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Friday, May 24
The Indiana Daily Student

opinion

OPINION: Don't throw your solar eclipse glasses away, donate them

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Last Monday, people across a thin line of North America witnessed a spectacular event: a total solar eclipse. The last total eclipse in the U.S. was in 2017. The eclipse on Monday was slated to be much more of a spectacle than the prior, and rightfully so; the moon was almost 8,000 miles closer to Earth than the 2017 event, and the path of totality was much wider. Cities like Bloomington saw tens of thousands of viewers, and although we didn’t see as many tourists as expected, Monroe County was still a hotspot for the eclipse due to its geolocation; smack-dab in the middle of the path of totality. 

Because of the sun’s harsh rays, you most likely found yourself wearing special viewing glasses to prevent eye damage. The light from the sun can burn the back of your eyes, so hopefully you wore the proper equipment. Now, with the spectacular event over with, many people, especially large families, find themselves with a plethora of solar eclipse viewing glasses sitting on the counter and have no idea what to do with them. I found myself in the same situation until it was brought to my attention that there was a much better decision to make rather than throwing them in the bin. 

Companies such as Astronomers Without Borders and Eclipse Glasses USA put together their own respective initiatives to make sure those glasses see the eclipses of the future, including an upcoming annual solar eclipse in Latin America later this fall; some of the best viewing locations for this event in areas that will experience annular totality will be parts of Argentina, Chile and Easter Island. A large factor in starting these programs is to make sure schoolchildren, specifically, get to be a part of these wonderful events, because many of them don’t have easy access to the proper tools for viewing.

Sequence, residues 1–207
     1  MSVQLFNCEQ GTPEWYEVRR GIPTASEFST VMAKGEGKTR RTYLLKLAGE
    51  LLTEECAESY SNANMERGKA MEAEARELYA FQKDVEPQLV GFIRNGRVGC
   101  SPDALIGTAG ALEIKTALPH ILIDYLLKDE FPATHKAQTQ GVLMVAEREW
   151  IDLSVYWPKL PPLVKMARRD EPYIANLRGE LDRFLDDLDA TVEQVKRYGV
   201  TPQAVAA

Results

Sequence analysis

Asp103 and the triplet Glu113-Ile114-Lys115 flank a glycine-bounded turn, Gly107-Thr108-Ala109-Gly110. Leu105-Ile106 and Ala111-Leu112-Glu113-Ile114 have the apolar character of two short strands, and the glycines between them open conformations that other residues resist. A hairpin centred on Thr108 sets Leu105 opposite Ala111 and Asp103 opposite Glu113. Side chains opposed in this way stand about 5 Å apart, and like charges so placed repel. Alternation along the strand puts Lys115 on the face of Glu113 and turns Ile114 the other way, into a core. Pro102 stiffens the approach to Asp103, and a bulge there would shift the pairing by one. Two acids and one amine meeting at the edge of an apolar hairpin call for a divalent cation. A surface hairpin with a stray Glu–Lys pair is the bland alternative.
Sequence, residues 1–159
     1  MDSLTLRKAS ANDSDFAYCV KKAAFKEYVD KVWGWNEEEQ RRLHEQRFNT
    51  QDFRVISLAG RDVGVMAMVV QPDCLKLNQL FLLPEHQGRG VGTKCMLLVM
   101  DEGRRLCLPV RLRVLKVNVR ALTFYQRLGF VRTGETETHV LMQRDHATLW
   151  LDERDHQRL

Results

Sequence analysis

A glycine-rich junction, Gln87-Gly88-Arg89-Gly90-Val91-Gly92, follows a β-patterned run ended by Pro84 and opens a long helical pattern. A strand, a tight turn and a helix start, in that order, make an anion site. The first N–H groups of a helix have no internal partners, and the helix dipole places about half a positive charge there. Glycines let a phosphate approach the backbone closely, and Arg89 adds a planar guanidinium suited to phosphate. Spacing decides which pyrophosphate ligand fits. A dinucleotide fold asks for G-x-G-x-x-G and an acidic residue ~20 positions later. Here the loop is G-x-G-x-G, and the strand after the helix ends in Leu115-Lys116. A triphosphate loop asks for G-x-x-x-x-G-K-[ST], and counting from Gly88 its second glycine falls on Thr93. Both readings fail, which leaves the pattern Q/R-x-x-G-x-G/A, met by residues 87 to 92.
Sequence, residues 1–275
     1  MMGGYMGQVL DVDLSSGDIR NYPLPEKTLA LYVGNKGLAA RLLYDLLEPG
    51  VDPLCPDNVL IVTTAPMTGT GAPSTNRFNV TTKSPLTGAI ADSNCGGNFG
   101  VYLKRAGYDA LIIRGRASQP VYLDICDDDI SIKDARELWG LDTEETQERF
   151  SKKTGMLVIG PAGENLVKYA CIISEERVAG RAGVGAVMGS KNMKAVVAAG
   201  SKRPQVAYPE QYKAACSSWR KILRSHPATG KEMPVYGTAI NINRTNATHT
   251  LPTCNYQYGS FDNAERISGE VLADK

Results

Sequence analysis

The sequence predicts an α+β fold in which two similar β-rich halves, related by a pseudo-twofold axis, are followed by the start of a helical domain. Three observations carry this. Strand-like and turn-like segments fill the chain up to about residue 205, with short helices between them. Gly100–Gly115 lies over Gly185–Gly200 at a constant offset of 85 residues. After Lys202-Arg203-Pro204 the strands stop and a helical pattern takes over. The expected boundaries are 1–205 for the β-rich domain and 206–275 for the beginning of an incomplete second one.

The easiest way to get your used glasses out of your hands is by visiting one of these collection nodes, where they will be sent, courtesy of Astronomers Without Borders, to countries across the world. Several of the drop-off locations are in Indiana — there is even one at the WonderLab Museum of Science, Health, and Technology in Bloomington. 

Eclipse Glasses USA is another great source that began its “5 for 1 Program,” where for every 5-pack of glasses purchased, one pair of glasses will be sent to a school in Latin America for the upcoming eclipse later this year. They also have information on their site for donating your own used pairs.  

These programs are doing amazing work specifically for children in other parts of the world, but when it comes to donating, many people struggle with the action of giving. While the amount of money going to charities has increased, Americans have been donating less and less over the years, and there needs to be a change in our way of thinking so we can overcome the difficulties that come with giving to charities. The process that comes with making charitable donations is inconvenient; the impact you make on others’ lives is worth much more than the slight inconvenience of making your way to a drop-off location or finding an hour in your day to send an envelope in the mail. Think about how such a little contribution to us will make for a life-changing experience for others. By putting forth a group effort and sending our used glasses off, we are making it so much easier for people in other parts of the world to obtain the necessary equipment to safely view the eclipse.  

Before you toss your eclipse glasses in the trash, think about how amazing it was to view such a rare event. Those of us in Bloomington, especially, got front-row seats for this astronomically incredible viewing experience. Your donation can go a long way, eventually ending up in front of the eyes of a schoolchild this fall. Let’s help others in other parts of the world view the same sun we did and safely, at that.  

Vincent Winkler (he/him) is a freshman studying sociology.

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